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The first international publication to arrive in Sri Lanka, Domus was founded in 1928 by architect Gio Ponti in Italy. Today it has expanded its presence to China, Russia, India, Central America, Mexico, Germany and
Sri Lanka and has earned repute as ‘the international point of reference for architecture, design and urbanism. Domus Sri Lanka is published under license from Editoriale Domus in Italy who oversees and approves the content and all aspects related to the magazine. The Magazine delves into the world of architecture and design where design approaches, distinctive elements and latest advancements in the field are brought to the reader’s attention. It provides a wealth of knowledge in particular for architects, designers, students and professionals.

Domus Sri Lanka Cover

OCTOBER 15 - NOVEMBER 15, 2017 Issue

This issue highlights the path Sri Lankan design has taken from ancient periods to the 21st century. Over the course of time, the rich, traditional architectural heritage that Sri Lanka has been endowed with has been touched by numerous influences, from within its shores as well as the Greater Asian region and Europe.

The Feedback section thus focuses on the southern city of Matara, which offers a glimpse into the architectural heritage of the country. This important coastal town has been home to a number of authors, poets and other artistic personae who have been as instrumental in forming the cultural and aesthetic elements of the city and its hinterlands as have Asian and European influences.

Featured under Projects is Kumaon, the boutique hotel built in the mountainous Uttarakhand Province of India, and designed by Sri Lankan architects Pradeep Kodikara and Jineshi Samaraweera. Also featured is Thanuj Goonewardena’s architectural transformation of a nearly hundred-year-old house into a relaxing boutique hotel, inspiration for its décor drawn from the 1920s.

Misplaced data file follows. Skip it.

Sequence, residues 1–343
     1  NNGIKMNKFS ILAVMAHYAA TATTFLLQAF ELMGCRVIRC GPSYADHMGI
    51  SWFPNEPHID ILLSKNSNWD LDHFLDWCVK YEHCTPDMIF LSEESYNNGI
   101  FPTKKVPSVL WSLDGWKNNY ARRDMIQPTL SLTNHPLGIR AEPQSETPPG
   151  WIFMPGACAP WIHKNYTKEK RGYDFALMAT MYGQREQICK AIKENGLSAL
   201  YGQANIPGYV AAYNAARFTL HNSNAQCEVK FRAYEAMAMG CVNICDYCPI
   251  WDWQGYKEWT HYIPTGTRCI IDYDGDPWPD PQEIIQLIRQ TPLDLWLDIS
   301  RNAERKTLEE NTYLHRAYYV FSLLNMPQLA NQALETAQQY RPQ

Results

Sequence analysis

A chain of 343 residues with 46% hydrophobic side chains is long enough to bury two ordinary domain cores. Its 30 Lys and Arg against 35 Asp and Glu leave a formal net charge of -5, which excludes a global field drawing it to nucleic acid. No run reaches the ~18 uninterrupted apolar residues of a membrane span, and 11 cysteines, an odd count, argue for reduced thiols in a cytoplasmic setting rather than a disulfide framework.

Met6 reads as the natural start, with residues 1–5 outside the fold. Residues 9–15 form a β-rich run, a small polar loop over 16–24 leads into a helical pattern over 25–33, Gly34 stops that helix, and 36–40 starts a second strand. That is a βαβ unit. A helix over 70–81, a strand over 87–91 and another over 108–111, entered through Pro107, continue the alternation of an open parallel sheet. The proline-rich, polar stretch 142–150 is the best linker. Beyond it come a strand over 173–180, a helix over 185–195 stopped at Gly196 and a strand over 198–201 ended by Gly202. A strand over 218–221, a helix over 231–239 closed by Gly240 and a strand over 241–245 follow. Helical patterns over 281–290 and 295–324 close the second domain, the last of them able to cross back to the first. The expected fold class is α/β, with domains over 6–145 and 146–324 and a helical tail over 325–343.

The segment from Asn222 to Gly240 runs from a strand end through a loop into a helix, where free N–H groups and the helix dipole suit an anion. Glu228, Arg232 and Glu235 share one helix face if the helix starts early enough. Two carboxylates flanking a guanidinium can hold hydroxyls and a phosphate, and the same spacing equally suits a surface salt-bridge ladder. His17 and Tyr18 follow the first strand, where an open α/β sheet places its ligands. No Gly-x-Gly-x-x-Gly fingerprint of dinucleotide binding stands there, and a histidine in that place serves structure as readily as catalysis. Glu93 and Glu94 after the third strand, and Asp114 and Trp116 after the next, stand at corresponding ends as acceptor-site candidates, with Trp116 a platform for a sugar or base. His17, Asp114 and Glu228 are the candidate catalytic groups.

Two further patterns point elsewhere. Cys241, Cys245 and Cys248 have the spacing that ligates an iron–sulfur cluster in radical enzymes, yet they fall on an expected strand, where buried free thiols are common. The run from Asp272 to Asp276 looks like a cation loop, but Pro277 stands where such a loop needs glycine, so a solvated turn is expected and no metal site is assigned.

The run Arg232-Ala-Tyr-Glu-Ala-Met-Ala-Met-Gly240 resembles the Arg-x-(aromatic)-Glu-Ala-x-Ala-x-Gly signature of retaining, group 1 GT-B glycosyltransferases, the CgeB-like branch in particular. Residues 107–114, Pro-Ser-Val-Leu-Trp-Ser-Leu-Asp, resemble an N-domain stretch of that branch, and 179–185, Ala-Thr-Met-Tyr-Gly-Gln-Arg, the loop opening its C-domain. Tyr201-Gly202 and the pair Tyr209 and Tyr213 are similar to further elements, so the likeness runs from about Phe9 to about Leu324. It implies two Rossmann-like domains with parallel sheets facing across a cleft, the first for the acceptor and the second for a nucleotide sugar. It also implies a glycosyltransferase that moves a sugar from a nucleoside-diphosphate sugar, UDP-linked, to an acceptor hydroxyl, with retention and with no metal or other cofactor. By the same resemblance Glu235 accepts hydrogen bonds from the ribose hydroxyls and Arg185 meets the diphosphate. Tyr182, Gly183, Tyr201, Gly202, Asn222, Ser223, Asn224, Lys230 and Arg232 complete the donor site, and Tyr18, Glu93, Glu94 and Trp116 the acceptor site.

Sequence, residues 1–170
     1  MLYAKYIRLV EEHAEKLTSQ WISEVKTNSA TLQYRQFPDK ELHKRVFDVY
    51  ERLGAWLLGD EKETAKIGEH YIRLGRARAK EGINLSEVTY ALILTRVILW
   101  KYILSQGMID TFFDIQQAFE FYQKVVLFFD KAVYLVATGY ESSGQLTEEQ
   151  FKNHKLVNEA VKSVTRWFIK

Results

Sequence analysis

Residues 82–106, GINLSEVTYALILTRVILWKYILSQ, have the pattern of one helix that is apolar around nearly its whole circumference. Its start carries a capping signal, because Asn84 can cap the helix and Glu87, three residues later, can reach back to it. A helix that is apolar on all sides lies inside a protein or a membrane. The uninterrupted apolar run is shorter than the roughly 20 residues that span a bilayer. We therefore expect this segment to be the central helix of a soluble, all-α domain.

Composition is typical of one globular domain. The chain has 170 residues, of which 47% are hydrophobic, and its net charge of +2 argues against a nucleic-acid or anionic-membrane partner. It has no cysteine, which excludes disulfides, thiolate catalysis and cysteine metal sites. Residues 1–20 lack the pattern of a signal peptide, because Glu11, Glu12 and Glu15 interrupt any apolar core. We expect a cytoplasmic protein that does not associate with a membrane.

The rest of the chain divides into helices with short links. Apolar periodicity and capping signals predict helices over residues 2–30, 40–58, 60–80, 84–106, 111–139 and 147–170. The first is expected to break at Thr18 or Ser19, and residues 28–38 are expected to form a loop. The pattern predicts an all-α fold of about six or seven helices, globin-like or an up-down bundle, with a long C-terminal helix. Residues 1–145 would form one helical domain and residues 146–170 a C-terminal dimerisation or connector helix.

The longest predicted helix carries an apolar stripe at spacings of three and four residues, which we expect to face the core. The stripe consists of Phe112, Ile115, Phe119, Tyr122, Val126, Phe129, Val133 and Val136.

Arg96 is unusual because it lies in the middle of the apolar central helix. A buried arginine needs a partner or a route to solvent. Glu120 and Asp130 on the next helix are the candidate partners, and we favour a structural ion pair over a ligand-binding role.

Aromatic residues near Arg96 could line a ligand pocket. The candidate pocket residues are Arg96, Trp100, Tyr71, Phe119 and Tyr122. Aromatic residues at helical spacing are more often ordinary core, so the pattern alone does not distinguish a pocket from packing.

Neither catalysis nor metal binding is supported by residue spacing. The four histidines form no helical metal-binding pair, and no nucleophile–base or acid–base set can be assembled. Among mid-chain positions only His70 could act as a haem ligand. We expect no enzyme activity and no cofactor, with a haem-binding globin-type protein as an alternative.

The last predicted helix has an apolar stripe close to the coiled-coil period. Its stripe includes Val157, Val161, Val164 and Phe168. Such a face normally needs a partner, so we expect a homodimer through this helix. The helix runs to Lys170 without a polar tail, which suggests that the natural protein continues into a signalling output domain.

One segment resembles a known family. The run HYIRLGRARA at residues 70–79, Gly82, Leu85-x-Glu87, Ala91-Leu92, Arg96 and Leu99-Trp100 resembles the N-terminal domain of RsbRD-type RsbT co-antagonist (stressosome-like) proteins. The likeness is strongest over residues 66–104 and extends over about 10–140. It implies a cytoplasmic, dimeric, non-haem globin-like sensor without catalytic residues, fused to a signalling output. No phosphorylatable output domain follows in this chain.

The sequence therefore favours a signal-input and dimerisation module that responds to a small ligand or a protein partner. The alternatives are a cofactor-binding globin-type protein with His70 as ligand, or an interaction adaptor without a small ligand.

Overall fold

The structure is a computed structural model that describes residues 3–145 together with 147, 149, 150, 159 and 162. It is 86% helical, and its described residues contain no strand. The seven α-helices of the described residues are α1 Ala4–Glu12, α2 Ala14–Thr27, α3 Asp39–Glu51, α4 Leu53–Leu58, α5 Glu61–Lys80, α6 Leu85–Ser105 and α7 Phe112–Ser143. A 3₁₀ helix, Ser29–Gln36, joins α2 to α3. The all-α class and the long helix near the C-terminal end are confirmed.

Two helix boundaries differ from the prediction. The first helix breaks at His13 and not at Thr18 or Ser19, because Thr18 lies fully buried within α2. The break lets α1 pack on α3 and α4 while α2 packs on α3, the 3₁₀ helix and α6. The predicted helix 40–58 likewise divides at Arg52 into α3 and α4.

In Confetti, ‘The Elusive Identity of Japanese Architecture’ is an article about the exhibition organised by Frédéric Migayrou and Yuki Yoshikawa at the Centre Pompidou Metz. It explores the special elements that link the creations of the greatest Japanese architects of the post-war period to the cultural specificities of their country. The other international article, ‘Fragile City’, analyses the city, the future of which regards not only its architecture, urban planning, environment and territorial engineering, but also the ability to plan and govern change by tackling issues in a logical and multi-disciplinary way.


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OCT 15 - NOV 15, 2017

Table of Contents


Cover: a sketch (right) of an early
elevation study of a chalet of the
Kumaon in Almora in India by
Sri Lankan architects Pradeep
Kodikara and Jineshi Samaraweera.

       
Author Designer   Title
BT Options
 
Encouraging heritage art
Nicola Di Battista
Domus Italy
 
Towards a cultural movement
 
Confetti
Frédéric Migayrou
01
The elusive identity of
Japanese architecture
Roberto Vanacore
04
The fragile city
 
 
 
 
 
Projects
Keshini De Silva
Thanuj Goonewardena
05
55TG Colombo
Zowa Architects
(Pradeep Kodikara and
Jineshi Samaraweera)
12
The Kumaon in Almora in
Uttarakhand, India
 
 
 
 
 
Feedback
Kulanthi Silva
  20
Matara
 
 
 
23
Contributors